Chair Caning Step 7. The Border
The border cane is a wider cane used to cover the holes in the chair. It is used as a finishing step, to enhance the looks of the final product. There are three methods of doing corners; pegging, rounded or couched. Pegging is used for chairs with square corners. It is easier & probably best for beginners. Rounded is used for chairs with rounded corners (some chairs have square corners in back & rounded in front), and is harder to make look right (flat & smooth). Couched is a little more advanced, but I think it makes the neatest square corners. I will illustrate all three here.
The border cane is started in the back rail by inserting 1-3 inch of border into each corner hole. Begin looping the regular cane at the next hole. Take the cane over the border, back down the same hole, up the next hole, over the border cane and back down. Keep the cane straight with vertical or horizontal cane. Weave the cane through 3-6 (several) holes before beginning to tighten the cane. Weave with one hand on top & one below. When tightening it will seem that you also need an extra hand holding the border cane. It is important to get the border & the cane as tight as possible for the best look. When completing a rail, feed the extra border down the corner hole.
Skip the corner hole with the regular cane & continue looping around the border for the side rail. Continue inserting border cane into corners & looping with the regular cane until all sides are completed.
The finish step for the corners is to drive a peg into the corner hole. Whittle a 1/2" long peg to very snuggly fit into the corner holes. Add a dab of glue to the peg & drive the peg into the hole with soft taps from a rubber hammer. Use another wood peg to act as a nail set, to ensure that the peg does not protrude above the rail. Also note the fisheye in the corner of this chair design. Tie the ends of the cane as necessary & trim the excess border cane underneath when finished.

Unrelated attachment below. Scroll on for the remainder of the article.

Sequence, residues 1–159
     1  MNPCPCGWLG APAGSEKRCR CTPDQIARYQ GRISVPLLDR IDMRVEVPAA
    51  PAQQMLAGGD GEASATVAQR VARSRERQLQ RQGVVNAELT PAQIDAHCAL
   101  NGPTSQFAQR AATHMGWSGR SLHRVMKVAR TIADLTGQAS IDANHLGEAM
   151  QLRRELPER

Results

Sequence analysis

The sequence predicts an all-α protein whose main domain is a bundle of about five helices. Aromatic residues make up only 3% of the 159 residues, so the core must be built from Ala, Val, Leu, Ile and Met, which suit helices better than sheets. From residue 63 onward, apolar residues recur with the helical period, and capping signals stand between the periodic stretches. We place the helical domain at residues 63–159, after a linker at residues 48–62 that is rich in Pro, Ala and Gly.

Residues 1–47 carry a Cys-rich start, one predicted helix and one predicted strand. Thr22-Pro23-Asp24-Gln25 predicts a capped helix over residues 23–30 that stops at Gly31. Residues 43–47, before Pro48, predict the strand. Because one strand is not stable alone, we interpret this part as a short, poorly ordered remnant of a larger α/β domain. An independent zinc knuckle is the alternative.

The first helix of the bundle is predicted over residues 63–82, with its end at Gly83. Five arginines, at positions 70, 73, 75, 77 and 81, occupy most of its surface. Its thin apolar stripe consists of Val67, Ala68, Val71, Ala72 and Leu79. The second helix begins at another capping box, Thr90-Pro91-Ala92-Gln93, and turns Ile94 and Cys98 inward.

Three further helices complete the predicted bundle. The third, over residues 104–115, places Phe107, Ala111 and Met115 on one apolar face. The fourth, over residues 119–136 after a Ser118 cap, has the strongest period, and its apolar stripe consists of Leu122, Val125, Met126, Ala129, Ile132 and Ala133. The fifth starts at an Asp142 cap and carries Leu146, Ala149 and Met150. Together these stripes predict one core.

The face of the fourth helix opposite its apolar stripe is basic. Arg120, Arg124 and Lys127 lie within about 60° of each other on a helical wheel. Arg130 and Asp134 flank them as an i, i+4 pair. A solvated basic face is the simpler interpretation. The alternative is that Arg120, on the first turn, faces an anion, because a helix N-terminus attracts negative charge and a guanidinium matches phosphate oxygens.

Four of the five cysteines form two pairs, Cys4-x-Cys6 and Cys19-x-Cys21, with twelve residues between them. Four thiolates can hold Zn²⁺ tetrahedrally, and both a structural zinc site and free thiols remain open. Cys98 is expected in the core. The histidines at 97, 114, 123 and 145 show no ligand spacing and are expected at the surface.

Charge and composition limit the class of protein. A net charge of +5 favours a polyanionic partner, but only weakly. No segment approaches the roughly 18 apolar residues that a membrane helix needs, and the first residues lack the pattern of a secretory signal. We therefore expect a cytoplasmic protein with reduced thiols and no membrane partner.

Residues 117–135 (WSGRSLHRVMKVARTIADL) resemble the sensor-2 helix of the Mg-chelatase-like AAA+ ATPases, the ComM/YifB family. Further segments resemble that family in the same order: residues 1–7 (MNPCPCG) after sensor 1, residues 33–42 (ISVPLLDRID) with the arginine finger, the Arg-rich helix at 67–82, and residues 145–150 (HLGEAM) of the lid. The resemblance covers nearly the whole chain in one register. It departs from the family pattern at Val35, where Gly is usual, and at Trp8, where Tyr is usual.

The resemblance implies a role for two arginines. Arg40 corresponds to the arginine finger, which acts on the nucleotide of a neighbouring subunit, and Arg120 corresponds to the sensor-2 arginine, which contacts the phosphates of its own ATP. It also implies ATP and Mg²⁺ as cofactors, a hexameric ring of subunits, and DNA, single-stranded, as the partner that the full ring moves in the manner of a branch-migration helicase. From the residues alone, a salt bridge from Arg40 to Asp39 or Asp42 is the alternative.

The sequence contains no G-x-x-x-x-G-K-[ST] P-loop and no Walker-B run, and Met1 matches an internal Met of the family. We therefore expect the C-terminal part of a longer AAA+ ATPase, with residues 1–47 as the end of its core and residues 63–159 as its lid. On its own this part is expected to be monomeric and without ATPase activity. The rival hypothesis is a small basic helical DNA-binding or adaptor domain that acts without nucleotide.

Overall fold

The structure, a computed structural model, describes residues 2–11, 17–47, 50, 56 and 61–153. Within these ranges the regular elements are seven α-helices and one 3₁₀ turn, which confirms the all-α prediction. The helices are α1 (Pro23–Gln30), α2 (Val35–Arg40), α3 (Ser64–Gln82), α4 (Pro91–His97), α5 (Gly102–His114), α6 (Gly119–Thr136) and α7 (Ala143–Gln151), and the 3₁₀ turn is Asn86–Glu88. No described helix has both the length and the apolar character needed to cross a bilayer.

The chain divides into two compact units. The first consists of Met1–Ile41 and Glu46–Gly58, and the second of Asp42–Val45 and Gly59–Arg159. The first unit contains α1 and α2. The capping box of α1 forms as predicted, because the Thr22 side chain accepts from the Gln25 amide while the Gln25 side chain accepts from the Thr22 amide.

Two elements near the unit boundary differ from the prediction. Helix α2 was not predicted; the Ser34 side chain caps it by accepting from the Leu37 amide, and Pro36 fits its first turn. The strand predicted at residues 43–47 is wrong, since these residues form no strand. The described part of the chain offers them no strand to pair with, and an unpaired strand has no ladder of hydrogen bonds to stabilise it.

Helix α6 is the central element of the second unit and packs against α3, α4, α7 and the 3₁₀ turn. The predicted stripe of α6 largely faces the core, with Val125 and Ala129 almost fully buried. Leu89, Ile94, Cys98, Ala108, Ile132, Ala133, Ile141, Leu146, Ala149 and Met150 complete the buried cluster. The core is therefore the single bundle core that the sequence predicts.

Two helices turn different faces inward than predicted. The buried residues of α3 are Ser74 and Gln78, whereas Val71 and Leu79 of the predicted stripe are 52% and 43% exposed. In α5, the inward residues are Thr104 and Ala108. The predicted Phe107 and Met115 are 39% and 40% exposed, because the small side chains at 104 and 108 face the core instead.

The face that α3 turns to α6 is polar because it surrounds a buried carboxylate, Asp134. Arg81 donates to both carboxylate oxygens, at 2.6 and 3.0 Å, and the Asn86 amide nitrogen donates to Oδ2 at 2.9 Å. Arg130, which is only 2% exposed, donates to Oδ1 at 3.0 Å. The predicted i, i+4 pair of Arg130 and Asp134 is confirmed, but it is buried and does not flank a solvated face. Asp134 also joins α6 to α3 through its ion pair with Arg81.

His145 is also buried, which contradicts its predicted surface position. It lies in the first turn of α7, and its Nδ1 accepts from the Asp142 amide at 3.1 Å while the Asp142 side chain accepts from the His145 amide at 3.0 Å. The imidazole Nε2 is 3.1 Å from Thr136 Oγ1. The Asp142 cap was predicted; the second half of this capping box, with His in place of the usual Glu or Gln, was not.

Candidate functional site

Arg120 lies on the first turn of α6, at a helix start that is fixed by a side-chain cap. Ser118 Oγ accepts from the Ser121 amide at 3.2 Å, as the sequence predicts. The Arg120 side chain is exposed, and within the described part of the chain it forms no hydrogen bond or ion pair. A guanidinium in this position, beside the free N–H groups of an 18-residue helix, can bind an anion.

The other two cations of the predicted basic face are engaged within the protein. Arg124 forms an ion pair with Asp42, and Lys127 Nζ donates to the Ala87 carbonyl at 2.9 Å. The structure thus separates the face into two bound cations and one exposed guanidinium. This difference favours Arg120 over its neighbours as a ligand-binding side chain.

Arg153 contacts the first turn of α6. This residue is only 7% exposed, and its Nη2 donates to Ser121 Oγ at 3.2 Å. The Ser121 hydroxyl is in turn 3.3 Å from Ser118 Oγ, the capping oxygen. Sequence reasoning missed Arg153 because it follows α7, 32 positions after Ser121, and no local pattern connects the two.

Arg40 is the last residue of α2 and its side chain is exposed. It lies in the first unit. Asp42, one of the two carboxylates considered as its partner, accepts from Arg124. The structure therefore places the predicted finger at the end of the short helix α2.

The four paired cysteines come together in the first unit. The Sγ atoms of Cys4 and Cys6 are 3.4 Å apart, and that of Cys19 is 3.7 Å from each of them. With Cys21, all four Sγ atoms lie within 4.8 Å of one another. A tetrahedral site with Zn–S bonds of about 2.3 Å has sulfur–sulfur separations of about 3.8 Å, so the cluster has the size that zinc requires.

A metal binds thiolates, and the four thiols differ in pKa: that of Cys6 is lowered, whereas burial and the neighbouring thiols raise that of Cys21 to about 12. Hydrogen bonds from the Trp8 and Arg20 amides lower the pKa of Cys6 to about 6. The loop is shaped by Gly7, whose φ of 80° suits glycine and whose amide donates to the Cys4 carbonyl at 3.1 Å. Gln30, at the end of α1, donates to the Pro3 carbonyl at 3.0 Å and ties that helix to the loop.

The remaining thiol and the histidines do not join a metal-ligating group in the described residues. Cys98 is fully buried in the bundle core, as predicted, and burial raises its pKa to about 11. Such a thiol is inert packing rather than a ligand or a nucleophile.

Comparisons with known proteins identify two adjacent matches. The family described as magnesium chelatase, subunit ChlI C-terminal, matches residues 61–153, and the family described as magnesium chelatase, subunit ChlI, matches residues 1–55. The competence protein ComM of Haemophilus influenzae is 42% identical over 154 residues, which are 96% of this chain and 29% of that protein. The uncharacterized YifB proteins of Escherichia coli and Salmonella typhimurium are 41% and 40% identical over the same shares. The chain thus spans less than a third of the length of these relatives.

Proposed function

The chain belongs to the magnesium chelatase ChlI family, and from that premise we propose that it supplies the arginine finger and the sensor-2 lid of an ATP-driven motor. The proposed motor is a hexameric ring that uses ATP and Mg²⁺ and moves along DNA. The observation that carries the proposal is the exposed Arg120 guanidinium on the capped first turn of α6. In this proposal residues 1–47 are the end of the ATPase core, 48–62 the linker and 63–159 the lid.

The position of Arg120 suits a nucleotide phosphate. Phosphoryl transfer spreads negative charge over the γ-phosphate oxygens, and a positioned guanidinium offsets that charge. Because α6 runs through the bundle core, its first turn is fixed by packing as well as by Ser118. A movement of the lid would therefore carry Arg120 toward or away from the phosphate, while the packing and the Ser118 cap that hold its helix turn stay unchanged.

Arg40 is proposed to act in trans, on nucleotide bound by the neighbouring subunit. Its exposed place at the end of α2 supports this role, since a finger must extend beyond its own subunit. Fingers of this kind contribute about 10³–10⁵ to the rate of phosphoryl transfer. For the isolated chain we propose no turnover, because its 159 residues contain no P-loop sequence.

The border cane is started on the back rail, covering a hole. Begin with regular cane about 2-3 holes farther on the back rail and loop over the border. Take the cane over the border, back down the same hole, up the next hole, over the border cane and back down. Weave the cane through 3-6 (several) holes before beginning to tighten the cane. Weave with one hand on top & one below. When tightening it will seem that you also need an extra hand holding the border cane. It is important to get the border & the cane as tight as possible for the best look.
Dampen the cane & border as they become dry, to keep them flexible. Tie off the cane as you come to it's end.
Take special care to keep the border flat at all times. This is especially important at the corners & also the most difficult. It is helpful to have that spare set of hands here.
When finishing the border, cut the border to overlap 1-2 holes from where you started. The border cane should start and finish exactly covering a hole. Loop the cane to exactly cover the border end, for best look. In the picture below, the overlap is just barely visible at the 5th hole from the left.
Notice the fisheye in the corner and the care taken to ensure that the border is laying flat on the corner. Also notice the regular cane loops line up visually with the appropriate vertical and horizontal cane.
Also notice the cane "hairs" still showing in the weave. These can be removed by carefully pulling out or by carefully burning off with a candle flame. Do not burn the cane too much.
This is a "classic" style cane chair which I pegged in the back square corners & rounded the corners on the round front rail. Also notice the short runs on the front & side rails, needed because of the curvature of the side & front rails.
Below is the chair with the border "rounded" for a more appealing look. The ends of the border are covered by a loop on the back rail, so that it is invisible to the casual eye.
This technique forms what I believe are the nicest square corners. It just looks more professional to me. But is also more difficult than to peg the corners. So beginners should peg, more advanced caners should try Couching.
Couching & Beading.
Don H. sent in these instructions to finish the chair by pegging holes & covering them with the binding. Let Don H. tell you about his technique of Couching & Beading.
Return to Chair Caning Instructions page. Go to Finishing page.